One of the greatest guys I’ve gotten to know during my 30 years or so on the speaking circuit is Jurek Leon (a Scot of Polish descent seeing you ask!). He’s an absolute whiz with small to medium businesses and what he doesn’t know about how to get them making great money isn’t worth knowing. In fact I’m pleased and proud that Jurek is a regular contributor to my audio program Business Marketing. Recently he reflected on the 18 years he’s been in business and I reckon that there’s some great stuff in there for you to ponder. Read it below and then subscribe to his very valuable newsletter.
Terrific Trading is 18 years old today. We’ve lasted the distance, reached adulthood, how amazing. I never intended to be a business owner even though it is what I was brought up with. From birth I was groomed to run a business. I’m the only child of a self-made man who started a sawmilling and timber business from scratch back in the 1950’s.
My father built up a very successful business. It wasn’t attractive to me though, even though I loved timber; in fact the opposite. My father was a driver, great at building things but easily bored when they were going smoothly. He would actually create crises and then thrive on dealing with them. Once I joined him, he and I continually clashed – two strong personalities with very different philosophies. I rebelled against the all consuming nature of my father’s business, the lack of induction and safety training and all the other things I learned at business school.
The Blue Sky Way
Talking of business school, while I enjoyed my part time studies at Edinburgh College of Commerce, I actually learned far more about management while looking after my mother’s laundrette and dry cleaning business. She was a silent partner in the Blue Sky Laundrette in my home town of Haddington. In those days a lot of people didn’t have their own washing machine and a laundrette was seen as a license to print money. My mother’s partner in this business was transferred to England and at the age of 19 because I’d studied accountancy and understood how to keep the books I found myself running the business.
I was an overnight success. Turnover immediately went up 20%. What was my secret? Instead of the manageress emptying the coin-operated washing machines and driers at the end of the day and depositing the money in the bank’s night safe, I took on the task. It turned out she’d been skimming the takings. Lesson number one – always have checks and balances and vary the routine!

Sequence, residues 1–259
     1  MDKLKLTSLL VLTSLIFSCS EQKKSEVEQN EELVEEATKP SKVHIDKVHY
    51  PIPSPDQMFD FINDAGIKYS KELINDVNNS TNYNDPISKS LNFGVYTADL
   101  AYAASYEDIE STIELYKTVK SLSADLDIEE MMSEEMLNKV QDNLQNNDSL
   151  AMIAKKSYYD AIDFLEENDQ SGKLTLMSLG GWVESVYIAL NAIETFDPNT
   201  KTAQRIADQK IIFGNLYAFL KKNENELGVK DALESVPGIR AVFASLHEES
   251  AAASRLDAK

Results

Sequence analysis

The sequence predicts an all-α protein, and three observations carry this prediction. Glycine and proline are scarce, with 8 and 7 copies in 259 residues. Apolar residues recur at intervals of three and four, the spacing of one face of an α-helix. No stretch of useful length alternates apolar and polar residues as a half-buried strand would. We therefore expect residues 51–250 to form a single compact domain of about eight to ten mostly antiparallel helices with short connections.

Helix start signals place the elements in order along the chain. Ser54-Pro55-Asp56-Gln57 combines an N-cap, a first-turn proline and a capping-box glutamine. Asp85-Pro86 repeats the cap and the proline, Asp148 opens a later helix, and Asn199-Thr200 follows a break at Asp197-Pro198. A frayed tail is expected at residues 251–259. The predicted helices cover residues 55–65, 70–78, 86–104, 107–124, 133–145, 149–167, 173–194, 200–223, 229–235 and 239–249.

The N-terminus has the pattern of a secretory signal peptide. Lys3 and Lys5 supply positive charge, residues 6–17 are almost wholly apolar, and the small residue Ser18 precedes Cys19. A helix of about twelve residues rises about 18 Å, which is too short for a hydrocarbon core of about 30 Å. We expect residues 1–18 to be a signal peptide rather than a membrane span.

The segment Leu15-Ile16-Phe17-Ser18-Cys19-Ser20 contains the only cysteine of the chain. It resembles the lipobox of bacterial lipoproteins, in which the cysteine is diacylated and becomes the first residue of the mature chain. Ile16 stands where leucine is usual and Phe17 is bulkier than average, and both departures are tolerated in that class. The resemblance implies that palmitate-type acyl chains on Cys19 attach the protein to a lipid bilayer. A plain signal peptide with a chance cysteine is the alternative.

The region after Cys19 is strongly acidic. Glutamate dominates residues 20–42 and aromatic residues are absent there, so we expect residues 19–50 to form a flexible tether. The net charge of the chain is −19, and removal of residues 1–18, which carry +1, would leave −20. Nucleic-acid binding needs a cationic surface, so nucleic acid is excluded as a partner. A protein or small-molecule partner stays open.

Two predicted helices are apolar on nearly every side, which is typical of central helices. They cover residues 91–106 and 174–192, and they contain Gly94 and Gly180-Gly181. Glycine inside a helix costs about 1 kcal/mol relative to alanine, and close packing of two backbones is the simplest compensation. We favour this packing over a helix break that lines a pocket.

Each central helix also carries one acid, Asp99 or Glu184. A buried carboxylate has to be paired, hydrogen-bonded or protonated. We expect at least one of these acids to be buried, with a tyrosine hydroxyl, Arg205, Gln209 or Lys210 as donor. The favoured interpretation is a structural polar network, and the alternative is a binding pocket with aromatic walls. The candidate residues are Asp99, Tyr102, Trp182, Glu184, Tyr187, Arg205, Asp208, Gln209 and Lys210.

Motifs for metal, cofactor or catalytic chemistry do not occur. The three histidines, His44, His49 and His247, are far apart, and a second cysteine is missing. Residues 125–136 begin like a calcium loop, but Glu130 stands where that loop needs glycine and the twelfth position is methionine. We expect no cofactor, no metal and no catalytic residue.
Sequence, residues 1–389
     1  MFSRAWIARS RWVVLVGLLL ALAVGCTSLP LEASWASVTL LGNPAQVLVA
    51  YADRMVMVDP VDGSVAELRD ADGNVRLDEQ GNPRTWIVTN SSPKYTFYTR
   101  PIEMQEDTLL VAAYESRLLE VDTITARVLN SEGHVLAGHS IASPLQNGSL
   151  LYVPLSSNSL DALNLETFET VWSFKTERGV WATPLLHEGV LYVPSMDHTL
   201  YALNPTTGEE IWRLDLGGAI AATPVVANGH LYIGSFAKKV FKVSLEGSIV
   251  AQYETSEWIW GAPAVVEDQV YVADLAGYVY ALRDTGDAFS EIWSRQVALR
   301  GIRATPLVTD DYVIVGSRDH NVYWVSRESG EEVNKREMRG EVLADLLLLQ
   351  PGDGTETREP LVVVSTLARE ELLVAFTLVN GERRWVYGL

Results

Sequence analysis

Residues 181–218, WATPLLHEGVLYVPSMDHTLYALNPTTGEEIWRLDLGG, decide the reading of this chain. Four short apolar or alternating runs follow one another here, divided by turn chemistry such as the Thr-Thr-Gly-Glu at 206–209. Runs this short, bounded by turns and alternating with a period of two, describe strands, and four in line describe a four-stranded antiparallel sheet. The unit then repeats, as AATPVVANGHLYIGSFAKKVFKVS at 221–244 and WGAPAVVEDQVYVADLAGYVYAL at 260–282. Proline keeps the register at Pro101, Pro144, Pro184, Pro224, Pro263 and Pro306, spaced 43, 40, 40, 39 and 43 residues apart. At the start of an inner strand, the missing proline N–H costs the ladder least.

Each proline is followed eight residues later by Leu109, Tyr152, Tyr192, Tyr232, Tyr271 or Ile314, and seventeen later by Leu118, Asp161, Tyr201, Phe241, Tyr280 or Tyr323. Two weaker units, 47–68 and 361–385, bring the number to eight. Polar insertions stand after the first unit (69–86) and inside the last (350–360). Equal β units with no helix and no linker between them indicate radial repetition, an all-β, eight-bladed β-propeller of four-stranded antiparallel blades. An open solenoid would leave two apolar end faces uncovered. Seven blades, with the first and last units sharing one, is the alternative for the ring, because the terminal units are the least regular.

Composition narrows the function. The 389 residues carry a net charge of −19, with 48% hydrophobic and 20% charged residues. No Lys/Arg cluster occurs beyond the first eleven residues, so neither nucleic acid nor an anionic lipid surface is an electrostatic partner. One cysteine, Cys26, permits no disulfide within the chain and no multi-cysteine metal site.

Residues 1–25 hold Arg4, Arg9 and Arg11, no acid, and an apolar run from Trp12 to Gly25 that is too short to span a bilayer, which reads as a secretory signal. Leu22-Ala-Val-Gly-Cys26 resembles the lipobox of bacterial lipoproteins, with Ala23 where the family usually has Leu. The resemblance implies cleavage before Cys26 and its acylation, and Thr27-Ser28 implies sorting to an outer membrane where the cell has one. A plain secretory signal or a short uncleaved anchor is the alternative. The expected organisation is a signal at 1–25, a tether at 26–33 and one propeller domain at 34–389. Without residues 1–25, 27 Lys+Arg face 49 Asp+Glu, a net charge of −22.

I also learned about handling customer complaints – especially when the local motor dealership had its showroom curtains shrunk in our machines. I learned about staffing and came to understand that the person who rushes around the place isn’t necessarily the most productive. I learned the importance of planned maintenance and of always having a back-up plan because broken down washing machines can’t make you money. I learned the importance of working in with other businesses and the synergy this can create. I learned to value supplier relationships and the role that they play in success and to appreciate my customers because without them nothing else matters.
The years growing up and working in my father’s business and joining him on business trips to England and Germany helped me understand that there is a lot more to a good business deal than price – even though that’s the part that people speak most loudly about. When you ask questions and really listen, you learn what represents value to other people, and you often discover ways for both parties to win.
I also learned about product quality and the importance of understanding how your customers use your products. Our high quality hardwood timbers would go to making musical instruments and for furniture. The lower quality timbers went to the coal mines as pit-props for building up the walls of the mines.
We had an ongoing problem with some of the mines in the midlands of England. There were a couple of inspectors at these mines who were notorious for rejecting pallets of our pit-props and chalks…. which meant that they would have to be returned all the way back to our sawmill in Scotland, a frustrating and costly problem. The view at our end about these inspectors was something akin to the home fans views about an umpire who gives a controversial decision the way of the opposing team!